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Nimrod David Pfeffer is an Israeli-born conductor residing in New York City.

Mr. Pfeffer serves as Assistant Conductor at The Metropolitan Opera in New York City. In season 2020/21 he will make his Metropolitan Opera conducting debut, in Franco Zeffirelli's production of La Bohème.


At the Met he has also served as Assistant Conductor in productions of Die Entführung aus dem Serail, Guillaume Tell, L'Italiana in Algeri, Aida, Idomeneo, Eugene Onegin, Der Fliegende Holländer, Otello, Tannhäuser, Un Ballo in Maschera, La Bohème, Le Nozze di Figaro, Les Contes d'Hoffmann, Adriana Lecouvreur, and Die Zauberflöte, and served as Assistant Chorus Master to Donald Palumbo.


In 2016 Mr. Pfeffer was named Music Director of the Lyric Opera Company of Guatemala, after conducting the company's inaugural production of Verdi's Rigoletto. In the following seasons he conducted in Guatemala new productions of L’Elisir d’Amore, La Bohème, and La Traviata.

His recent conducting engagements include The Mariinsky Theatre Orchestra, The San Francisco Symphony, the Hungarian State Opera Orchestra, the Palau de les Arts Reina Sofía in Valencia, The Juilliard Opera, and the Israeli Opera.


This season he will conduct the Israel Philharmonic Orchestra, the Philharmonie Baden Baden Orchestra, The Jerusalem Symphony Orchestra, and the Hungarian National Philharmonic Orchestra.

Mr. Pfeffer is the Third Prize winner of the 2017 Maestro Solti International Conducting Competition in Hungary. Following his success in the competition, he was invited to conduct the Hungarian National Philharmonic Orchestra, the Hungarian Symphony Orchestra Miskolc, the Szeged Symphony Orchestra Hungary, the MAV Symphony Orchestra Budapest, and the Hungarian State Opera Orchestra.

As a pianist Mr. Pfeffer performs regularly as soloist with orchestra, recitalist, chamber musician, and vocal accompanist. His piano career highlights include his debut at Carnegie Hall’s Weill recital Hall in 2008; performances of the music of Chopin on the stage of The Metropolitan Opera in American Ballet Theatre's production of The Lady of the Camellias in 2010; a live solo recital broadcast from the Russian Kremlin in 2007; and his solo debut with the Israel Philharmonic Orchestra in 2008, playing the World Premiere of Aharon Harlap's Second Piano Concerto, which resulted in a dedication to him of Mr. Harlap’s Symphonic Dances for Piano and Orchestra in 2015.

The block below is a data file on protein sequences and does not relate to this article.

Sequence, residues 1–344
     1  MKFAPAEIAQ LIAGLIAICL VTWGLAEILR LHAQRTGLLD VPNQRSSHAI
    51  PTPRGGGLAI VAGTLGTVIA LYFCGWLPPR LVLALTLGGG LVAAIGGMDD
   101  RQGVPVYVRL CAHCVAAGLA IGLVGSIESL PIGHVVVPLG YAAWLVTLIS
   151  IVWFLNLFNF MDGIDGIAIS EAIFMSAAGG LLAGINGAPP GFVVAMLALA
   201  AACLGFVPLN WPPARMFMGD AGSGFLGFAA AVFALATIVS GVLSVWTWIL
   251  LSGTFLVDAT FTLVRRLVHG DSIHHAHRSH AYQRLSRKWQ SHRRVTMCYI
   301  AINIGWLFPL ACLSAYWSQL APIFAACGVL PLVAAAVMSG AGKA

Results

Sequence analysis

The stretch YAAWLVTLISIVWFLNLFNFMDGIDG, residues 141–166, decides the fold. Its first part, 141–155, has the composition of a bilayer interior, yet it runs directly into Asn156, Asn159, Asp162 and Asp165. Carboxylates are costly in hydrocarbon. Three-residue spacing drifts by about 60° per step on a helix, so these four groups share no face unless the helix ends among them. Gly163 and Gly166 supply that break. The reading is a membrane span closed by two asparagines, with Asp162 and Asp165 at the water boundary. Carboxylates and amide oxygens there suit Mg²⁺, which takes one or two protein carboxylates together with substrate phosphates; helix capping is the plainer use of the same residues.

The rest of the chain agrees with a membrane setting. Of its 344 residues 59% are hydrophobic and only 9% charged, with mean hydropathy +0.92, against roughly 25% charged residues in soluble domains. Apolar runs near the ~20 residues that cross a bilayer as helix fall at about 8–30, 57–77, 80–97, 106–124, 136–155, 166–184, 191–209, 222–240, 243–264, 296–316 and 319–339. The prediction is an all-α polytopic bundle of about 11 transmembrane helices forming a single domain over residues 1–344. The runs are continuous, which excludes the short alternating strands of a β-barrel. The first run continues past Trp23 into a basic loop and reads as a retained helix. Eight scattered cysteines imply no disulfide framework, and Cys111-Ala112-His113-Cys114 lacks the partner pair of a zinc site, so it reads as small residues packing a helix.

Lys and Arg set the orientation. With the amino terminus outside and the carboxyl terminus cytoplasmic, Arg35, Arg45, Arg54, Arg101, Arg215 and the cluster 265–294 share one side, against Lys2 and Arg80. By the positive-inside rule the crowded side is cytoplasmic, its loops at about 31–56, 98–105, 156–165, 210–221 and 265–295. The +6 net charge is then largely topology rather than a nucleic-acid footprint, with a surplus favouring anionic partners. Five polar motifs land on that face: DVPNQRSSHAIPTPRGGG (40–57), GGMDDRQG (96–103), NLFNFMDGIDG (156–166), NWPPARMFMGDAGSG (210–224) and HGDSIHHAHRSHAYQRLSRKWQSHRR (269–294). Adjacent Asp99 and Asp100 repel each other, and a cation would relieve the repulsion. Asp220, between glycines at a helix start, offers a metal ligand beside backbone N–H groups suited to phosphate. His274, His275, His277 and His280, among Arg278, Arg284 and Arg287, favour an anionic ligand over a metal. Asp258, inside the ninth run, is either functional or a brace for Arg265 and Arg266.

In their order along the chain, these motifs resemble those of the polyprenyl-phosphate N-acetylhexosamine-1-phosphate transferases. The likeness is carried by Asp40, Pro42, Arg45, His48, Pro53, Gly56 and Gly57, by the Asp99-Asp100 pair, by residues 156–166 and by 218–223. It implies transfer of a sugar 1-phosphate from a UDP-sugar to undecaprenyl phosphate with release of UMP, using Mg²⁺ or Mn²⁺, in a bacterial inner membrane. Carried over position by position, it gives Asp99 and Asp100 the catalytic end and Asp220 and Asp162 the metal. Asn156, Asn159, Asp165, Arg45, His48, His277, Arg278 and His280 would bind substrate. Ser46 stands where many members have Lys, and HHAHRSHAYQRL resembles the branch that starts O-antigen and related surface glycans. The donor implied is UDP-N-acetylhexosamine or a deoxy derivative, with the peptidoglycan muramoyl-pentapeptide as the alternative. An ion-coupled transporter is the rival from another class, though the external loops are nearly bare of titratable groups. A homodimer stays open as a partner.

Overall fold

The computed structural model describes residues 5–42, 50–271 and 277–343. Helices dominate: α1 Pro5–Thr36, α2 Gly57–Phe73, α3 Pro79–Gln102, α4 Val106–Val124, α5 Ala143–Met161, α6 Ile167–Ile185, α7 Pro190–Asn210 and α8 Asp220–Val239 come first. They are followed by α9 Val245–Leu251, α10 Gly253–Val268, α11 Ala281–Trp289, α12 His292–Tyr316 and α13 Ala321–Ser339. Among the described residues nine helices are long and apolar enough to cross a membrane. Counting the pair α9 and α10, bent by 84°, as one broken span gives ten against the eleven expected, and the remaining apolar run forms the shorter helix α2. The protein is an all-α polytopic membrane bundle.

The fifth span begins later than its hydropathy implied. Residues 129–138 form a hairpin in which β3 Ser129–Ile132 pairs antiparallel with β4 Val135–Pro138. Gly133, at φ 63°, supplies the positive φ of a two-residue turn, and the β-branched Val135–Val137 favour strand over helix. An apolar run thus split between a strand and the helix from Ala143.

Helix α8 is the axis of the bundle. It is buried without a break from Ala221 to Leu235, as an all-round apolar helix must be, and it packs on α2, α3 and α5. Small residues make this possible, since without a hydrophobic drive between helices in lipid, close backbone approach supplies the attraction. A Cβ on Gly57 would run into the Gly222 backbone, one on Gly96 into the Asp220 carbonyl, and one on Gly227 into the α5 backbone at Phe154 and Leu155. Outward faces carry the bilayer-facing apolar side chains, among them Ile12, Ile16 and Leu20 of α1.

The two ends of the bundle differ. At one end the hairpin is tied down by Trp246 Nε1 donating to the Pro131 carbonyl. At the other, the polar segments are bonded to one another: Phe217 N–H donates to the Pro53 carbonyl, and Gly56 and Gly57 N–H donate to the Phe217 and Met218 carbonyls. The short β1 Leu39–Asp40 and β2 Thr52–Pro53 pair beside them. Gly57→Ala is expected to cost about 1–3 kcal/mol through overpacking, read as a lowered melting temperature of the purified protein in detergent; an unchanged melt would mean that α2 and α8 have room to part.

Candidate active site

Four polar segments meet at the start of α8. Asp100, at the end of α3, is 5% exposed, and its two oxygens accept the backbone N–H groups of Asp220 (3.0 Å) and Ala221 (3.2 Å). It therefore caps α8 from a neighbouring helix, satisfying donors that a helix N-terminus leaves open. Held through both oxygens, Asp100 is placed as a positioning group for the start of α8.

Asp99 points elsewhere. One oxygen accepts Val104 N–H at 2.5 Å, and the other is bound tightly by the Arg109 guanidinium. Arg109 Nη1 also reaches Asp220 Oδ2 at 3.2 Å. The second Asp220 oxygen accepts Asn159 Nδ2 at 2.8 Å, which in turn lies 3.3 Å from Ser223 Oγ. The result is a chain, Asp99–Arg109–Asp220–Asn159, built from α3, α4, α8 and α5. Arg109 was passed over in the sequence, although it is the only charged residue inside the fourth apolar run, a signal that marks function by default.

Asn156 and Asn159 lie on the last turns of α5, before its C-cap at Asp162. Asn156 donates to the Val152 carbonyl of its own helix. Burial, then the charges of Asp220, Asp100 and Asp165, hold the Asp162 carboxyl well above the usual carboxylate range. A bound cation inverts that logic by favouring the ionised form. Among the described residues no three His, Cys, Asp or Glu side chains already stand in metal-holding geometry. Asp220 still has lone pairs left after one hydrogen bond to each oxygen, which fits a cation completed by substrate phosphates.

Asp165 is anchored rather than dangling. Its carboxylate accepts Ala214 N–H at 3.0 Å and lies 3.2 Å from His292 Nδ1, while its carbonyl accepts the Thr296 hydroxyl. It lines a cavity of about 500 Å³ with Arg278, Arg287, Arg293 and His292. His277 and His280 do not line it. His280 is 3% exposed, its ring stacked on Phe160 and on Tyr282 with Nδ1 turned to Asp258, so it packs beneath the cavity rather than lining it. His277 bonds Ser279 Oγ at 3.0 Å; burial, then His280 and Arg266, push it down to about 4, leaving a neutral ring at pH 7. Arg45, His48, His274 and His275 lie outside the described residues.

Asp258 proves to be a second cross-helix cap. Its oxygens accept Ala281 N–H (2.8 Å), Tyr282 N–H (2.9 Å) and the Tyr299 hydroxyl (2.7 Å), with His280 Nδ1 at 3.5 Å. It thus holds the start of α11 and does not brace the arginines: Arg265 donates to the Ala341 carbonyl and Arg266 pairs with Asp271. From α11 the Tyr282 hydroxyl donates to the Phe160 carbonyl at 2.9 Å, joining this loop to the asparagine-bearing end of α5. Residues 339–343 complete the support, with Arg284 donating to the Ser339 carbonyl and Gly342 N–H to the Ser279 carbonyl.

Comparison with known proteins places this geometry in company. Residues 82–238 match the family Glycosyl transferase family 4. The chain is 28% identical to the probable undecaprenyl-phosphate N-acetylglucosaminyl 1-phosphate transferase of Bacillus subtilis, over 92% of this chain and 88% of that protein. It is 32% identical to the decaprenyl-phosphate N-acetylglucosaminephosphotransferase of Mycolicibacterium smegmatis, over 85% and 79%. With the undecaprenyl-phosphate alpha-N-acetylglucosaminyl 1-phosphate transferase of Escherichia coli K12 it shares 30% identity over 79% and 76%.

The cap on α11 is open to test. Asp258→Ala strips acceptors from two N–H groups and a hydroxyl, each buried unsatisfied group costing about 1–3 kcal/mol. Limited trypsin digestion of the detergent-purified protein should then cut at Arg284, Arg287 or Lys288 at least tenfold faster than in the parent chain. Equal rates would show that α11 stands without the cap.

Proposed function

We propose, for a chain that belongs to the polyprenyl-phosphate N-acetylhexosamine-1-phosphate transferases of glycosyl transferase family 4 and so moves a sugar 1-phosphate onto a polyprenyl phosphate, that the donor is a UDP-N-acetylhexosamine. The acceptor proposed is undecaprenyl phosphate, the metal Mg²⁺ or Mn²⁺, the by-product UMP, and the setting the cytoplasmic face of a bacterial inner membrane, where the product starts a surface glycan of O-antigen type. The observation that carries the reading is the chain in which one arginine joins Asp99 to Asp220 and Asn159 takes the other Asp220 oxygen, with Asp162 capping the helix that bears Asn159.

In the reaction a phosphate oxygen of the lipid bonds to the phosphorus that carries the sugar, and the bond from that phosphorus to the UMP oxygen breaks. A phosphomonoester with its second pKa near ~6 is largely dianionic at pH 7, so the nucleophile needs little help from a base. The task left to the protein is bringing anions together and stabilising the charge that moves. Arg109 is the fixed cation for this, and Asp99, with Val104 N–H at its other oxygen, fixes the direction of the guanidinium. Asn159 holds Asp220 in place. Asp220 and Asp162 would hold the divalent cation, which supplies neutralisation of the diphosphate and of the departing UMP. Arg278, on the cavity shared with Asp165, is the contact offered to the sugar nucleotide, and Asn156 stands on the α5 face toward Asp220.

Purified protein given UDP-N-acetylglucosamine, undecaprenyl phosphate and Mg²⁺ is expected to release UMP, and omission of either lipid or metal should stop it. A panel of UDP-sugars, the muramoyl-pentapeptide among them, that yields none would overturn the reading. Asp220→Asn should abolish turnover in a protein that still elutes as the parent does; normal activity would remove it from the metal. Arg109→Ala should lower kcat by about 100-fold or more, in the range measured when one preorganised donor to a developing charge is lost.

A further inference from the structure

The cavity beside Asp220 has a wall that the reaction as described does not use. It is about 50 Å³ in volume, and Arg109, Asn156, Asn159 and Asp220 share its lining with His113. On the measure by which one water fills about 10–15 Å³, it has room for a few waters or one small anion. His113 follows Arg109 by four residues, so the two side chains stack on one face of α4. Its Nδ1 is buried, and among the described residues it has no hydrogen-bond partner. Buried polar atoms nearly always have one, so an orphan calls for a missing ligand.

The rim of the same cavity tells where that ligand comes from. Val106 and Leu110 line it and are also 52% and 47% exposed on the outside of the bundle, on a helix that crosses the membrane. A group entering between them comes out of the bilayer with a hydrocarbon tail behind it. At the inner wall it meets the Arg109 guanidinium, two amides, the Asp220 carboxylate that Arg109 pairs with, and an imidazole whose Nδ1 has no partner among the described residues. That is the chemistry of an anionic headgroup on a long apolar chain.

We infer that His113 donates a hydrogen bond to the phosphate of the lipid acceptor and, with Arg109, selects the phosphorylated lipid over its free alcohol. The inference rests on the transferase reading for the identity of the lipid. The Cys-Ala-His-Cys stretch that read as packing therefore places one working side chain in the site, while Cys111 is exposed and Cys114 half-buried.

He has also performed recently as soloist at Lincoln Center's Alice Tully Hall, Warsaw's Philharmonic Hall and Royal Lazienky Park, Franz Liszt Academy in Budapest, and Shanghai Concert Hall, as well as in concert halls in Israel, Russia, Poland, Austria, Malta, Jordan, China, Hong Kong, and the United States.

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Mr. Pfeffer is dedicated to promoting dialogue between Arabs and Jews in Israel. In 2009 he presented a concert in honor of peace at Carnegie Hall's Weill Recital Hall with pianist Bishara Haroni, benefiting the Jezreel Valley Music Center, a music school where Arabs and Jews study music together, which was in financial difficulties. The performance helped to raise funds and bring media attention to the school. Mr. Pfeffer is honored to have received the Davis Projects for Peace Award for this initiative.


Mr. Pfeffer holds a Master's Degree in Orchestral Conducting as a student of Alan Gilbert at The Juilliard School, as a recipient of the Bruno Walter Scholarship. Upon graduation from Juilliard he was awarded the Charles Schiff Conducting Prize and the Norman Benzaquen Career Advancement Grant. He also holds a Master’s Degree and Professional Studies Diplomas in Piano Performance and in Orchestral Conducting from Mannes College of Music, and is a graduate of The Metropolitan Opera's Lindemann Young Artist Development Program. He was a recipient of grants from the Bagby Foundation for the Musical Arts and the America-Israel Cultural Foundation. Among his teachers were Pnina Salzman, Vadim Monastyrski, Gideon Hatzor, Michael Wolpe, André Hajdu, Victor Rosenbaum, Carl Schachter, Claude Frank, Byron Janis, Alan Gilbert, and Richard Goode.